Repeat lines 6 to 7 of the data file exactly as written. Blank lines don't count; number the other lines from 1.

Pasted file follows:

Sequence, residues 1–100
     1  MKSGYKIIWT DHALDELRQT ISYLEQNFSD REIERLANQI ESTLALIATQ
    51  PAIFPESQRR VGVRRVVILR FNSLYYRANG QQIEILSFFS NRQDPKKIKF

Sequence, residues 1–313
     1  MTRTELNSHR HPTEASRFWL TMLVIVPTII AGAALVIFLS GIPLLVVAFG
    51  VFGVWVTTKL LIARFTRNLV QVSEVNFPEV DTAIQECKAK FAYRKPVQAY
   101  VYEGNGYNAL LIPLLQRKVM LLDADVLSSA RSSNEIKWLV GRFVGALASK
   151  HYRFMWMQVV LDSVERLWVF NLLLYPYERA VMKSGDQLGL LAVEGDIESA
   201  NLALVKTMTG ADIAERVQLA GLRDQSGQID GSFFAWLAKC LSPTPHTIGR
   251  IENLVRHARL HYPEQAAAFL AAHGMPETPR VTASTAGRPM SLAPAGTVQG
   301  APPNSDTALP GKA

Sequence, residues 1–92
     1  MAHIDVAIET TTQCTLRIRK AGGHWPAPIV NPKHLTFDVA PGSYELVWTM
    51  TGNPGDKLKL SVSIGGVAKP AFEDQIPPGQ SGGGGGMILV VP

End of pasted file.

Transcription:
    51  VFGVWVTTKL LIARFTRNLV QVSEVNFPEV DTAIQECKAK FAYRKPVQAY
   101  VYEGNGYNAL LIPLLQRKVM LLDADVLSSA RSSNEIKWLV GRFVGALASK